The Rise of Amapiano

Updated: Feb 11

Whether you actively listen to African music or not, it’s likely that by now you’ve heard Amapiano. The South African genre, which fuses deep house, Kwaito basslines, high pitched melodies, and captivating percussion has taken over in recent times. So what is Amapiano and why has it become so popular?


According to DJ Moma, Amapiano stems from New York’s soulful house movement, “Especially on the drum programming, because it just has that African sound.” In the mid-1990s, kwaito, a subgenre birthed as the country celebrated the end of apartheid, emerged. It’s a fusion of African melodies, hip-hop, reggae, and U.S. house, slowed to roughly 105 bpm. After kwaito, came Afro-house, which was most popular in the 2000s followed by gqom in the early 2010s. The sound reached its cultural peak around 2018, and while it continued to make waves in the years that followed, by early 2019, Amapiano had taken over South African radio and clubs.

DJ Moma


Amapiano began to gain popularity in South African townships in 2016. It has since spread rapidly and organically through WhatsApp and ride-shares, spawning its own evolution and subgenres. Covid-19 seemed to hinder the growth of the genre, which is enjoyed in a public setting with a dance floor, but as lockdown measures worldwide started to ease, the appreciation for Amapiano has increased with the sound taking over the party scene. Tunes such as “Labantwana Ama Uber,” by Semi Tee of Soweto and Shay’mpempe became the soundtracks to these parties. Major League DJz’ recording of their sets on YouTube also allowed South Africans to take part in the partying even if they weren’t present.

Major League DJz’


The Amapiano sound has transcended the borders of South Africa though, with other nations giving their own spin on the unique instrumentals. There have been several Amapiano inspired tracks from Nigeria in particular (sometimes jokingly referred to as “omopiano”), including smash hits like Monalisa by Lojay and High by Davido and Adekunle Gold. There have also been collaborations between Amapiano superstars and Nigerian Artists, such as Sponono featuring one of the pioneers of the genre, Kabza de Small as well as heavy hitters Burna boy and Wizkid along with Ke Star by Focalistic and Davido. However, despite contributing to its popularity, it would be false for me to attribute the success of the sound to these collaborations.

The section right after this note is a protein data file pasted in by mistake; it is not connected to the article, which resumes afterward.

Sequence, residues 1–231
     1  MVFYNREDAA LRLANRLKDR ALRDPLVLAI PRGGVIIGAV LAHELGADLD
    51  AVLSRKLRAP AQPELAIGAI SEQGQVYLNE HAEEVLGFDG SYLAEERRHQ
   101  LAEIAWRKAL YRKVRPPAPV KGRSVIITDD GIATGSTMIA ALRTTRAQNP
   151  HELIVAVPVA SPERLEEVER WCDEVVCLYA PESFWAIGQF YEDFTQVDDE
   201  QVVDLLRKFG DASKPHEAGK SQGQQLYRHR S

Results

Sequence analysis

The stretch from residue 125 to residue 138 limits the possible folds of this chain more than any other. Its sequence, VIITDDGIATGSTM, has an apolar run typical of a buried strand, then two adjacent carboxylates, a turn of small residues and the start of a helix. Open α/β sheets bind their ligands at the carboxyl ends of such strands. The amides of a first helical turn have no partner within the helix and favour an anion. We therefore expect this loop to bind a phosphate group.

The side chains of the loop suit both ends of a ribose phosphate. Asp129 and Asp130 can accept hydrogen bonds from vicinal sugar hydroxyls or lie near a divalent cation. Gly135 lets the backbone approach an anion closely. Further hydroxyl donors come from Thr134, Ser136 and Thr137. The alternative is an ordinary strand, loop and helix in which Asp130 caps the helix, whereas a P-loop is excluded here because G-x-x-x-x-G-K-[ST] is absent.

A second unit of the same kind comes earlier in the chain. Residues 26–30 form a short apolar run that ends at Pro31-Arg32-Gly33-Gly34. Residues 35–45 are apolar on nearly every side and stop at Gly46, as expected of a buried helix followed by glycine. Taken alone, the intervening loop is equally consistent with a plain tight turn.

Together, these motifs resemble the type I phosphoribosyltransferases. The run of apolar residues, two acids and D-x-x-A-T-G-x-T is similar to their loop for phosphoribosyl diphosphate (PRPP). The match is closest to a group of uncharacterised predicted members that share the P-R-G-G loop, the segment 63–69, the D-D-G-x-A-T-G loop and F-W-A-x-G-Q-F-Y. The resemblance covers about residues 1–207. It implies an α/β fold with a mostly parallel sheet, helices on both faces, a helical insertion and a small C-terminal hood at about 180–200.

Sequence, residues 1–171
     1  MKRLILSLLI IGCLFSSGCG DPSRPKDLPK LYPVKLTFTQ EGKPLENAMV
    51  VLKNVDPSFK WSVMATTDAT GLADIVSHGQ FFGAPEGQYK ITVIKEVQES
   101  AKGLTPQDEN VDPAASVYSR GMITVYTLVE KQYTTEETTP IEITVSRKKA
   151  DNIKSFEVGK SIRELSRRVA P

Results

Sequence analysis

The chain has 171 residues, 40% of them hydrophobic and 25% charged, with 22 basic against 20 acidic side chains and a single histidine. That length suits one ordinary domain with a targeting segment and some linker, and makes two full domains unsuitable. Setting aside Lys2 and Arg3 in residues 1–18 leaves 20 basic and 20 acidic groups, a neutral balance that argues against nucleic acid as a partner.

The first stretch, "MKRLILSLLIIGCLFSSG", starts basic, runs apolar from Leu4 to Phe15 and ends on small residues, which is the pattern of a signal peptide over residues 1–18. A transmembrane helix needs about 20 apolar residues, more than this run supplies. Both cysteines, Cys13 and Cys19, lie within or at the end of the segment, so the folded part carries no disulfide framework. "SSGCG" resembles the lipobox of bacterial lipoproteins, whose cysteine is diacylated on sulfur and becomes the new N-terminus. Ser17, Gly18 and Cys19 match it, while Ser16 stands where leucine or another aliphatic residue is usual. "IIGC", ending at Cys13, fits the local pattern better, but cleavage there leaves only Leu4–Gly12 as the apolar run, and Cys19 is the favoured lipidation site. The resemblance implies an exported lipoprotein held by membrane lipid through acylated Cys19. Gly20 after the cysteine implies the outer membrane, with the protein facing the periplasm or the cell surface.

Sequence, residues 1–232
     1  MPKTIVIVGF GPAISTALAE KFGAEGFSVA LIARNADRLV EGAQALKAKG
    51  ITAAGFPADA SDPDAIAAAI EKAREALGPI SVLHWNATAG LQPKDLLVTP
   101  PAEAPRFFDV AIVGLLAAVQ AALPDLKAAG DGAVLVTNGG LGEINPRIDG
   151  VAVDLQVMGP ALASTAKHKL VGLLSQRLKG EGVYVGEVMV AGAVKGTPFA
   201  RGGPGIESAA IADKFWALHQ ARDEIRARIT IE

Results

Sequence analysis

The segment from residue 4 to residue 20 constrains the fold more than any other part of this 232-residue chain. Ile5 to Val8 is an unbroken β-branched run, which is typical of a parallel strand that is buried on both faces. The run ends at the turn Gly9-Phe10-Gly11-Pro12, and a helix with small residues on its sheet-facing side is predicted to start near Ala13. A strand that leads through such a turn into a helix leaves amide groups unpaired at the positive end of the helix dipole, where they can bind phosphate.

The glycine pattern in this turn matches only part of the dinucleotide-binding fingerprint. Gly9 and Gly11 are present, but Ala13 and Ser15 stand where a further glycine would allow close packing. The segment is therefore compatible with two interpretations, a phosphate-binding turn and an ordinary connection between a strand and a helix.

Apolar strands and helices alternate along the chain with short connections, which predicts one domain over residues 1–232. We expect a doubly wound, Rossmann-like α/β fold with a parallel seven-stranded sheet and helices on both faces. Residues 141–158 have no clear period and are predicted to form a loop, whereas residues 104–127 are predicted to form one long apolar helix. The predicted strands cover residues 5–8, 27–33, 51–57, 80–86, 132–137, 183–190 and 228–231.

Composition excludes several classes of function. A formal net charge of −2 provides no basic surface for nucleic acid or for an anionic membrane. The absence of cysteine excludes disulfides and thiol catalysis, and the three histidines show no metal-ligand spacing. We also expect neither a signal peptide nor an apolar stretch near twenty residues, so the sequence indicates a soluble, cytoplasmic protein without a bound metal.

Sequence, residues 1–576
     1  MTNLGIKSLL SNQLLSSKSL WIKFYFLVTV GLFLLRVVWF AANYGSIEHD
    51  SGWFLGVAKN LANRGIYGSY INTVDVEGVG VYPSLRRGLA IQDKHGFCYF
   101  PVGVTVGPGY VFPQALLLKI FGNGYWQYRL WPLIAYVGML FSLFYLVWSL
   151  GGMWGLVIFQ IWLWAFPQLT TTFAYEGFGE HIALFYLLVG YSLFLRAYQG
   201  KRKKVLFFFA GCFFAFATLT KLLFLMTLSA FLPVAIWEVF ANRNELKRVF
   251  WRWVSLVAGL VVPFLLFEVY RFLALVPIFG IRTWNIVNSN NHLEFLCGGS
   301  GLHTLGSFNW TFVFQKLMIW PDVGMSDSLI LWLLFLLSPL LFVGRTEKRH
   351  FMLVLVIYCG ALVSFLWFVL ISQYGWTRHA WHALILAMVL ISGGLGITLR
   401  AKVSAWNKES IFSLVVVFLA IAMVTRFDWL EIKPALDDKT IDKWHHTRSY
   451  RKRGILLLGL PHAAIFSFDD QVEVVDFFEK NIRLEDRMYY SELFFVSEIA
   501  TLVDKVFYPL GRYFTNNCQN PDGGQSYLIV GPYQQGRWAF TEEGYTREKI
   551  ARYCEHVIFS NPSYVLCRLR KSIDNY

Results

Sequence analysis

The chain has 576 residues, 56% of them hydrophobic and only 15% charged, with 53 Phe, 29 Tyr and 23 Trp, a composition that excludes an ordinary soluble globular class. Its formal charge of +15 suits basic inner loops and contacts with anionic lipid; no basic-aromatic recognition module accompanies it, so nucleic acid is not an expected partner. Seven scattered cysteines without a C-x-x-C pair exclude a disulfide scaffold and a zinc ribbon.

Kabza de Small


The emergence of “Yanos” (fans of Amapiano) can largely be down to the culture surrounding Amapiano music, it’s more than just a sound. Viral videos of DJ Uncle Waffles showed her immersed in the music she was playing, with the crowd simultaneously looking on in awe and dancing with her. Clips like these add to the allure of the genre. The internet has inevitably contributed to the popularity of the genre as well. On TikTok, the #amapiano hashtag stands at more than 2.3 billion views with several sounds such as the “You wanna bamba” challenge going viral, as well as dance videos to Amapiano tracks (and imitations of these dance videos).


With such a rapid surge in popularity, it seems like Amapiano has no intention of slowing down - it’s safe to say that for now, Amapiano is truly the Champion Sound.


Listen to these Amapiano sounds and more:

https://open.spotify.com/track/3uQp0eBfXaUrtuqdmo9Mnm?utm_source=ms_bing&utm_medium=listen_results

https://open.spotify.com/album/6831TJYXJuShA212mn1yVi?highlight=spotify:track:4iwiYqzoLImJraKQ9Pf2I2

https://open.spotify.com/playlist/37i9dQZF1DX5mILnBJLA26?si=c891808a9dd04fd4


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